Table 4 shows the status of the permanent first molars at baseline and final examinations. There was a clear increase in the number of first molars sealed/restored in the sealant program participants. Moreover, the highest percentage of decayed teeth was observed in high-risk children not submitted to a sealant placement.



The results showed that the DMFT increment found in 17% of the children was statistically associated with risk, as shown in Table 1. Moreover, those classified as high-risk children at baseline (DMFT+dmft>0) were about 8 times more likely to have DMFT increment compared with caries-free children (Table 2). These results confirm previous studies that showed past caries experience to be a strong predictor of future caries16-18,29,30 and confirm the importance of using the correct risk assessment to identify the most caries-susceptible individuals, thus targeting them for preventive care.

The results also showed a trend towards better results for those submitted to sealant placement (Table 1), which is in line with other studies that demonstrate the effectiveness of sealants in high-risk groups34. On the other hand, the DMFT increment in 31% of children without sealant placement (HR-NS group) demonstrates that there is a real need for specific measures for this group and that the population strategy alone (oral health education + fluoride mouthrinse) was not sufficient (Table 1).

As regards low-risk children only 1 child submitted to sealant placement (1.6%) developed caries, while among those without sealant, 4 children (7.8%) developed caries. This difference, however, was not statistically significant (p>0.05; Table 3). Therefore, one must calculate the cost-effectiveness of applying sealants in low-risk groups because there may be other preventive measures such as the use of fluoride, toothbrushing instructions, capable of achieving the same results.

This study also assessed the influence of clinical and socioeconomic variables on caries incidence. The presence of plaque is usually linked to high rates of dental caries17. This study showed different results (Table 1), probably due to the use of the Simplified Oral Hygiene index without dye. This was done in order to not disturb the school class routines. Variables related to malocclusions were also not statistically associated with DMFT increment (Table 1).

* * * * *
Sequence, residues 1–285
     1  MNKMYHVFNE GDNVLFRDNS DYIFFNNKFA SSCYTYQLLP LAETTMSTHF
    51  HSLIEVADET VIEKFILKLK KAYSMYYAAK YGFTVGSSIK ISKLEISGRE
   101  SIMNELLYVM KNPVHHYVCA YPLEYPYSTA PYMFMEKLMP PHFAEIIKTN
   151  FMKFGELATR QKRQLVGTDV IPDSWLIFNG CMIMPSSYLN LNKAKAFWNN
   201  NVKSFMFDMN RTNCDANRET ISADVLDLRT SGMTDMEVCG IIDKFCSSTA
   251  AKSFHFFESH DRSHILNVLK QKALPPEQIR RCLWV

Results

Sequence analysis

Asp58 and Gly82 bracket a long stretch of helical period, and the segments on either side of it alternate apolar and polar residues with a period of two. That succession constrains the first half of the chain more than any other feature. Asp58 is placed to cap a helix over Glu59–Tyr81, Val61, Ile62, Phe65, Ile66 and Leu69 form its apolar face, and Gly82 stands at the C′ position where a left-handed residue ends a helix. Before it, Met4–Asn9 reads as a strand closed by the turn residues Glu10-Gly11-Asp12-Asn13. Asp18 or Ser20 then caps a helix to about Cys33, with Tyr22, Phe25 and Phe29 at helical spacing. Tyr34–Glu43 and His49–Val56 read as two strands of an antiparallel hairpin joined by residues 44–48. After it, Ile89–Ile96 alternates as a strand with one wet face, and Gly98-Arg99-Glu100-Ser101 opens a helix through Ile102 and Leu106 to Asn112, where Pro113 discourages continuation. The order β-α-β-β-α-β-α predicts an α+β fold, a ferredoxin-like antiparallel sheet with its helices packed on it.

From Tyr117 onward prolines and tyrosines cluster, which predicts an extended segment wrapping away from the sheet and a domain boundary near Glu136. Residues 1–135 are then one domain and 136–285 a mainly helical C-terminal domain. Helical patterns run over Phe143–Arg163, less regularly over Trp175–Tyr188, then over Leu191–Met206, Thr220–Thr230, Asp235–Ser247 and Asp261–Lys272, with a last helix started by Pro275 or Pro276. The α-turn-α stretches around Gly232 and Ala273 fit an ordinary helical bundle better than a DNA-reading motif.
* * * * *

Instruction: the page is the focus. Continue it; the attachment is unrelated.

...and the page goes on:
The socioeconomic level has been strongly associated with caries prevalence27. Our results differed from published data, possibly because this study was designed to measure caries incidence. However, most children who lived in their own house, with fewer than 4 persons, parents with over 9 years of schooling and families with a monthly income of over 6 minimum wages, showed no increment in DMFT (Table 1), indicating the important role of socioeconomic characteristics in caries development.

The significant increase in the number of decayed and/or filled teeth after 2 years in high-risk individuals (Table 3), with or without sealed permanent molars, demonstrated that these children need specific preventive care, in addition to care targeting all the children. Oulis and Berdouses23 (2009) evaluated the effectiveness of fissure sealants applied to permanent first molars on caries reduction, in a sample of children with low, moderate and high caries risk. The results demonstrated that the highest percentage of teeth that developed caries was found in the high risk group. The findings indicate that high risk children may demand a great attention from the oral health team, who should bear in mind that high risk and population strategy should be taken together in order to improve the children's overall health7.

An increase in the number of sealed/filled first molars could be detected in children who had been submitted to the sealant placement (Table 4). The fact that the majority of permanent molars were healthy at baseline demonstrated that this was an excellent time to take preventive measures. At final examination, the HR-NS group showed a higher percentage of decayed permanent molars, demonstrating the importance of having a good team of professionals working on preventive care.

It is important to emphasize that this study was developed within an oral health program targeting Portuguese children from Sintra region. The Cacem Health Center was selected because the largest number of children was treated there and it presented organized dental records, while other health centers in the same region had some problems about that. Though this study had been carried out in a bounded area, probably the results can be inferred for whole region because children live in the same socioeconomic conditions. A limitation that should be mentioned is the difficulty in controlling the dental treatments that each child received besides the PPSOCA protocol, such as sealants placed by other dentists.

In conclusion, it appears that sealant placement was effective in preventing dental caries development. Moreover, the variables "risk" and "sealant placement" were predictors of DMFT increment in the studied children. Therefore, children initially classified as high risk and not submitted to sealant placement presented higher risk of developing caries lesions within a 2 year-period. Finally, the past caries experience was an excellent predictor of future caries and can easily be used in oral health programs.



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Corresponding address:
Antonio Carlos Pereira
Faculdade de Odontologia de Piracicaba - UNICAMP
Departamento de Odontologia Social
Av. Limeira, 901 - Piracicaba, SP
13414-903 - Brazil
Phone: +55 19 2106-5209
Fax: +55 19 2106-5218

Received: July 06, 2009
Modification: August 26, 2010
Accepted: October 26, 2010